'Dangerous' film probes flaws in Freud-Jung friendship
Michael Fassbender, left, and Viggo Mortensen in David Cronenberg's film 'A Dangerous Method.'
Published Thursday, September 15, 2011 4:03PM EDT
Sex, sensuality and the rocky relationship between Sigmund Freud and Carl Jung take moviegoers on quite a trip in the new period drama, "A Dangerous Method."
Set in Vienna on the eve of the First World War, Cronenberg digs into the turbulent, six-year friendship between 29-year-old psychiatrist Jung (Michael Fassbender) and his famous mentor Freud (Viggo Mortensen).
"Freud and Jung are always talked about as the fathers of modern-day psychiatry. But they aren't rarefied giants here. They're men with flaws, just like the rest of us," says Cronenberg as we sit and chat by a sun-streamed window in the Intercontinental Toronto Centre.
In Cronenberg's film, the wry father-figure Freud (shown as a man of 50) is jealous of Jung's youth and money, while the earnest Jung dares to challenge Freud's ideas.
Jung also breaks the cardinal rule between doctor and patient. He sleeps with a troubled woman in his care and the sex scenes portrayed in "A Dangerous Method" are masochistic.
The woman is Sabina Spielrein, a real-life patient of Jung's, played in the film by Keira Knightley. When the movie opens, she's dragged screaming into a Zurich clinic and put into Jung's care.
"Keira and I talked a lot about what pitch we should take here, which some people may find extreme. Keira had to express the real horror of hysteria, something doctors back then called a female disease. But that diagnosis had a lot to do with the culture of the time and the repression of women and their sexuality," he says.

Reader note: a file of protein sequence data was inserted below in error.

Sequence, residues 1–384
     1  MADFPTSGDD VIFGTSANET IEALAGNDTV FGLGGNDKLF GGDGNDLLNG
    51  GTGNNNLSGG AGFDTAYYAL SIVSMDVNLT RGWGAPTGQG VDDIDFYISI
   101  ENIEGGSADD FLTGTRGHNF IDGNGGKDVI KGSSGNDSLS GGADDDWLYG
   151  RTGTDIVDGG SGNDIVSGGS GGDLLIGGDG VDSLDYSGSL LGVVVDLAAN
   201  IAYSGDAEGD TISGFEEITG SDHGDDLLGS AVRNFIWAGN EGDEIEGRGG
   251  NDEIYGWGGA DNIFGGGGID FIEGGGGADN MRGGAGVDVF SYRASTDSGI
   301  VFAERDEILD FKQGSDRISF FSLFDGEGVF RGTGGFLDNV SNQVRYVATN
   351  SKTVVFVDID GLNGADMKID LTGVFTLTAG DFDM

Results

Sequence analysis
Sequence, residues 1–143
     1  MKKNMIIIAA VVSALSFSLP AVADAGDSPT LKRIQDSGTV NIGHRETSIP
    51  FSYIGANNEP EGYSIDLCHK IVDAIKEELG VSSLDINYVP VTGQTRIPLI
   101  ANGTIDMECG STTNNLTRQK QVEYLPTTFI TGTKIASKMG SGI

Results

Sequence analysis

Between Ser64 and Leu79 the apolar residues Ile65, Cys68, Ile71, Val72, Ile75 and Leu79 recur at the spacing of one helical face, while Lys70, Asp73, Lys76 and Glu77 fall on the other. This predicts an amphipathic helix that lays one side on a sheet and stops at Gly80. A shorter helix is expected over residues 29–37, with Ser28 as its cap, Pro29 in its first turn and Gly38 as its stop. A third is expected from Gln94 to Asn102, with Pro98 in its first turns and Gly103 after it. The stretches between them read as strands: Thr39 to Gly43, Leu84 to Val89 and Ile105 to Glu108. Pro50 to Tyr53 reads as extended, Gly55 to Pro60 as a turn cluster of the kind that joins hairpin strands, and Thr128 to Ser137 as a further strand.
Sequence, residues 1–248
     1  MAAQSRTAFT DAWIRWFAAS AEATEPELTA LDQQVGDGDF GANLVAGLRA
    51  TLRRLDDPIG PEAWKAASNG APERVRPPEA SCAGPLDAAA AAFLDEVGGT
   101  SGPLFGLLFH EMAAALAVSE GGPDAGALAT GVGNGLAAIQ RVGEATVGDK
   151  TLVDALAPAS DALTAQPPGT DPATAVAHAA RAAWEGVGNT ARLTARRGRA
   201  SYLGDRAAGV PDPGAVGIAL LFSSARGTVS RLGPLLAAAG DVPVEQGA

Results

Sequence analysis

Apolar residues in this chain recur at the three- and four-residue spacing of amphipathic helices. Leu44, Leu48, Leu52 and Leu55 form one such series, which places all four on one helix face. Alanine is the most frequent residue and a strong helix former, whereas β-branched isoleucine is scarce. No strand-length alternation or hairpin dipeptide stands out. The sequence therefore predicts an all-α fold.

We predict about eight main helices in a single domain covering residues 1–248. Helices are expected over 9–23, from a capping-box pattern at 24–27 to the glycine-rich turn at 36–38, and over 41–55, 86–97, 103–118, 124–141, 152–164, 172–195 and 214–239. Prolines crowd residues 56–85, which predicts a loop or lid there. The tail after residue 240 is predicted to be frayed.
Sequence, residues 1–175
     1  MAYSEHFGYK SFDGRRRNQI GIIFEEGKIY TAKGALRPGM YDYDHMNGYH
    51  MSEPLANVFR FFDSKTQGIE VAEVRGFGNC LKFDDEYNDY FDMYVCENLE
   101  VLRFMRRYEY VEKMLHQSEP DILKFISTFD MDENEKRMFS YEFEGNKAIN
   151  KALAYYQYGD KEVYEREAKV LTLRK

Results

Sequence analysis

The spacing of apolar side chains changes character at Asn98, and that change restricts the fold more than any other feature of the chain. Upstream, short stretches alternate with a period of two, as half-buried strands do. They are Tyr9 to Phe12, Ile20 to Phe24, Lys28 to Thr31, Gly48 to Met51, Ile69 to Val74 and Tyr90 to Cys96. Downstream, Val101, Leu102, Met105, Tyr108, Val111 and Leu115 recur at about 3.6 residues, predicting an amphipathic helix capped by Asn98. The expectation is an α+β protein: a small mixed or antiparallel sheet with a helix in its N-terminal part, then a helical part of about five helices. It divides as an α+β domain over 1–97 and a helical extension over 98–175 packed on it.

"We toned it down a lot. If people knew anything at all about Sabina's story and what transpired between her and Jung they'd see that the pitch here isn't extreme at all. It's actually quite restrained."
Adapted by Christopher Hampton from his stage play "The Talking Cure" (the term for the early development of psychoanalysis), the film takes a smart, dialogue-heavy route through complicated subject matter.
"You do a film and you hope for the best," Cronenberg says calmly.
Yet that calm seems remarkable given the obstacles the 68-year-old director faced on the project.
Christoph Waltz, Cronenberg's original casting choice for Freud, campaigned hard to win the part. When the bigger-budgeted film "Water for Elephants" came along, Waltz emailed Cronenberg to pull out.
Before that, scheduling conflicts forced Christian Bale to withdraw from the role of Jung -- a turn of events Bale personally conveyed to the director.
Cronenberg's hunt for financing also came at a time when the world markets crashed.
"It wasn't pretty. But it really didn't worry me," Cronenberg says, his blue eyes crinkling from the sunlight.
"If you've been in this business for as long as I have, you learn. Things go up. They go down. You just go on."